Mind Fitness: How Meditation Boosts Your Focus, Resilience, and Brain | Daniel Goleman

Mind Fitness: How Meditation Boosts Your Focus, Resilience, and Brain | Daniel Goleman


Altered states refers to a mode of consciousness
or awareness that takes us out of our ordinary everyday sense of the world, sense of ourselves. We can enter altered states when we get intensely
focused on something—deep concentration will bring you into an altered state, sometimes
people like to talk how athletes get “into the zone” or they “get into flow”, those
are everyday altered states, but they come from being intensely focused on some activity
or in the moment itself. And of course altered states can come from
drugs or from being in an unusual physiological state. A fever can bring on an altered state. And of course, the ‘60s and ‘70s saw a
huge upsurge of people interested in exploring altered states through psychedelics. So altered states are temporary conditions,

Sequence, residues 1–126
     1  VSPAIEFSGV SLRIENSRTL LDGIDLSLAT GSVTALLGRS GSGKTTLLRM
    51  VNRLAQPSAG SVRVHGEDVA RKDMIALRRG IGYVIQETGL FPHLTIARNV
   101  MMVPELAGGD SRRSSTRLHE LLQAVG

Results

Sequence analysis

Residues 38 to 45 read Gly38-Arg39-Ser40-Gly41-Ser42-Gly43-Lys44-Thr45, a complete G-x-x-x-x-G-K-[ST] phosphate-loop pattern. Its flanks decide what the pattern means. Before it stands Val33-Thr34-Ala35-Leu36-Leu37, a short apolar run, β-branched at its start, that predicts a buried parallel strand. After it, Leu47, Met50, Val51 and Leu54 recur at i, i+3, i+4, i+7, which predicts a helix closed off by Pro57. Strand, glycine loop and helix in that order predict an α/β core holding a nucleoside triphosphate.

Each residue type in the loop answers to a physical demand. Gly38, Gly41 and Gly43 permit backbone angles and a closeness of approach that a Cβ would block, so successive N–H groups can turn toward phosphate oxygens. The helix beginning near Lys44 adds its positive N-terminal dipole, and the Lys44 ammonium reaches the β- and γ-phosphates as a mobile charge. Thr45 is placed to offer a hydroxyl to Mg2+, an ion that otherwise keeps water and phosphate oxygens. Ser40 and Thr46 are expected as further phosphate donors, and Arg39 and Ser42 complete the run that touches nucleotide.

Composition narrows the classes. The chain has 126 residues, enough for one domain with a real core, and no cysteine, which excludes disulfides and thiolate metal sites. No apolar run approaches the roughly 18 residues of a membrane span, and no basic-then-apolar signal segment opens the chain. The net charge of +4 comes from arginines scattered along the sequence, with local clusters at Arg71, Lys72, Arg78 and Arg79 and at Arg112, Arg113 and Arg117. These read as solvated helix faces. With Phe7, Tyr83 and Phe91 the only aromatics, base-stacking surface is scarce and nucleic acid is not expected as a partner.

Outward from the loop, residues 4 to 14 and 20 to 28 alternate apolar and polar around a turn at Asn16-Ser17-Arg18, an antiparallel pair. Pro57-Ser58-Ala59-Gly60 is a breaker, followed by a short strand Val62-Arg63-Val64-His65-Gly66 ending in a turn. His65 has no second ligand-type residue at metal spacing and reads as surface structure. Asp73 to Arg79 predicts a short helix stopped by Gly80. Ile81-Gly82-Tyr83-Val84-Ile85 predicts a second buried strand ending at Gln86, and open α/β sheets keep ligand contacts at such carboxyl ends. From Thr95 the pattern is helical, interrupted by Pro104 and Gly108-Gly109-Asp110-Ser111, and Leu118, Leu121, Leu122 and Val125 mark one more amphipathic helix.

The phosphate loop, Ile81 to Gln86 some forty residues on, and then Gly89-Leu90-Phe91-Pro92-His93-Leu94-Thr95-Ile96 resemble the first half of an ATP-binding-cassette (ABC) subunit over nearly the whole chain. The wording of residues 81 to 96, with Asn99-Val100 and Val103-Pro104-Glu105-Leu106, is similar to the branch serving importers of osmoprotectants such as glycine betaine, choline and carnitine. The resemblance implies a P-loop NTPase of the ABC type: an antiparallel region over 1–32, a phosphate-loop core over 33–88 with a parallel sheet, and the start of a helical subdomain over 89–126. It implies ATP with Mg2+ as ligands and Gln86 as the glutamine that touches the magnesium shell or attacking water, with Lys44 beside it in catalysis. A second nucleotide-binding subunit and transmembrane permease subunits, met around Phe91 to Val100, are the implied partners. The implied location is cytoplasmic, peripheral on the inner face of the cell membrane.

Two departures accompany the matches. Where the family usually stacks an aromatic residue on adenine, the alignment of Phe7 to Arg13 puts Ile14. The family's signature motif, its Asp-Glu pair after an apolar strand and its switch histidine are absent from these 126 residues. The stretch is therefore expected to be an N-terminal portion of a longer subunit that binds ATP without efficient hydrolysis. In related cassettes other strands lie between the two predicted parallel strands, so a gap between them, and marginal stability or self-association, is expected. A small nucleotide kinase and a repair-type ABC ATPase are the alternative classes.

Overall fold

and when whatever it was that brought on the special state of awareness leaves, then the
state fades. So if you get into a flow state rock climbing,
when you come down from the mountain, it’s gone—or whatever may have caused it: your
temperature might have gone up, and put you into maybe not a pleasant altered state, but
still an altered state. The temperature goes down, it’s gone. Altered traits on the other hand are lasting
changes or transformations of being, and they come classically through having cultivated
an altered state through meditation, which then has a consequence for how you are day-to-day—and
that’s different than how you were before you tried the meditation. And what we find in our research, as we say